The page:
Family courts at breaking point as Chief Justice Will Alstergren admits parents face ‘unacceptable delays’
The chief justice of the Family Court says some parents are facing “unacceptable delays’’ as disruption caused by COVID-19, unfilled vacancies and judges being unable to keep up with their workloads stretch the bench to breaking point.
At least two Federal Circuit Court judges have put off hearings to clear case backlogs, and a third family law judge is on indefinite leave, with some parents being told their cases will only be heard before Christmas if they fall into the most urgent categories, ¬including child safety and homelessness.
Three Federal Circuit Court judges who recently retired have not been replaced — Melbourne-based Ron Curtain who finished last week and two general federal law judges — while the position of Family Court judge Ian Loughnan, who retired in July, is yet to be filled.
Chief Justice Will Alstergren, who has been the head of both the Family Court and lower-level Federal Circuit Court since December 2018, said Sydney was facing the biggest backlogs.
The Federal Circuit Court handles almost 90 per cent of family law disputes as well as general federal law cases.
“There is no doubt there is a backlog in Sydney and we’re desperately trying to do something about it,” Chief Justice Alstergren said. “We recognise there are unacceptable delays. We were actually having an impact until COVID hit and that made it a bit of a challenge.”
Practitioners were told in an email, seen by The Australian, that, “due to unprecedented demand for court time”, the court could not hear the cases unless they met the court’s criteria for urgency until next year. Families involved in about 13 cases, some of whom had been waiting for six months, had their interim hearings cancelled. The urgent cases will be heard by other judges or registrars before Christmas.
Another judge, Dillon Morley, is on reduced sittings to clear his backlog of judgments. The Australian reported earlier this year that families were facing delays to receive his ¬decisions. Another Federal Circuit Court judge, who The Australian has chosen not to name, is on indefinite leave.
Family lawyers say that litigants are commonly waiting four years for a final hearing in the Family Court and three years in the lower-level Federal Circuit Court in Sydney and Parramatta.
In some cases it has been impossible to get dates for interim hearings to decide what parenting or property arrangements should be in place while families await final hearings, practitioners say.
Law Council president Pauline Wright said family law was complex, emotionally charged and life-altering for children — but the system was chronically under-resourced and judges were facing “crippling pressures”.
“Judges must be better supported to undertake this critical work,” Ms Wright said.
“The legal profession has consistently warned that this poses significant occupational health and safety concerns … these concerns must no longer be ignored.”
Federal Circuit Court judges and staff are still reeling after Judge Guy Andrew committed suicide last month. He had been the court’s sole judge in Townsville but had been moved to Brisbane for mentoring after coming under fire from the full Family Court for bullying.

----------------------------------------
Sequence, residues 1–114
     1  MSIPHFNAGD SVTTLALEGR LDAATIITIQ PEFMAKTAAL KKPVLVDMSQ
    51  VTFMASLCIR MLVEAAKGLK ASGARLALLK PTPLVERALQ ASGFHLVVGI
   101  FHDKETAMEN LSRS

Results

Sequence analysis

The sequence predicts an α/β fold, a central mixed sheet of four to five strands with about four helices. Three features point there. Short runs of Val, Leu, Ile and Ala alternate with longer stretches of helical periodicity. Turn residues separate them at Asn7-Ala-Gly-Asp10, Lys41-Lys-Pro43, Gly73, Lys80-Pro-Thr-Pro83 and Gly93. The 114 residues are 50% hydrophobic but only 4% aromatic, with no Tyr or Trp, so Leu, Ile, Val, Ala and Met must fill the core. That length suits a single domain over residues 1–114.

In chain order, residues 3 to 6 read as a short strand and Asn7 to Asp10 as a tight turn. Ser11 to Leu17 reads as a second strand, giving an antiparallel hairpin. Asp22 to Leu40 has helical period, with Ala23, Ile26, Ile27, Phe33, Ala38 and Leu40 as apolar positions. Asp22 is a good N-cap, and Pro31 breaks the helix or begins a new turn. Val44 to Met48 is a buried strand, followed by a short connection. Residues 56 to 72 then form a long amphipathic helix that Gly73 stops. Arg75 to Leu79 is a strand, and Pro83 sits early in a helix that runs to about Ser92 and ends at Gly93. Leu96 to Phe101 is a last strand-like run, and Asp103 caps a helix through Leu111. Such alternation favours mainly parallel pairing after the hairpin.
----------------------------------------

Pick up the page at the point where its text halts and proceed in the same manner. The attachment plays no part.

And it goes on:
Women’s Legal Services Australia spokeswoman Angela Lynch said the delays put pressure on family violence victims to negotiate outcomes with perpetrators, who were often able to grind women down. “For the more vulnerable parties, and ultimately for children, these issues are of grave concern,” she said. “It’s not just the resourcing of the court itself … but the wider system is also under enormous strain: community legal centres, women’s legal services and legal aid officers.”
The Weekend Australian revealed on October 24 that the sole Federal Circuit Court judge in Rockhampton, Anne Demack, took seven years to deliver a decision in a parenting case involving two vulnerable children. In 2018, The Australian revealed she had two judgments outstanding for four years.
Ms Wright said her concern was not isolated to cases involving specific judges, but the cases did “sound the alarm for a deeper problem” needing immediate attention. “This is not about any individual judge or any individual registry; this is a national issue in a national system that is failing those it serves, and those who serve within it,” she said.
The Morrison government has been slow to replace judges who have retired. It took five months to replace family law judge Judy Small in Melbourne, and another three judges will have to stop sitting soon because they are due to reach the mandatory retirement age.
The pandemic has caused a spike in urgent applications, with 395 families seeking the courts’ help to deal with disrupted parenting arrangements. The fact hearings have not been occurring face to face has resulted in fewer cases settling.
Chief Justice Alstergren said he expected judicial appointments to be announced soon and that funding for an extra family law judge and five registrars announced in the budget would help, but it would take about six months for the full impact to be felt on the family law system.
Attorney-General Christian Porter said the government was committed to improvements so families could “resolve matters safely, fairly and quickly” and its plan to merge the Family Court and Federal Circuit Court was designed to achieve that.
He said the last budget included funding of $140m over four years for the courts, the ¬majority to expedite family law cases. Any extra funding would be tied to the courts merger because there was “little point pushing more funding into a failed structure”. The Law Council, which is deeply opposed to the courts merger, has said the funding set aside in the budget was inadequate to address the present crisis and reverse years of chronic underfunding.
A parliamentary inquiry into the family law system is due to be completed in February.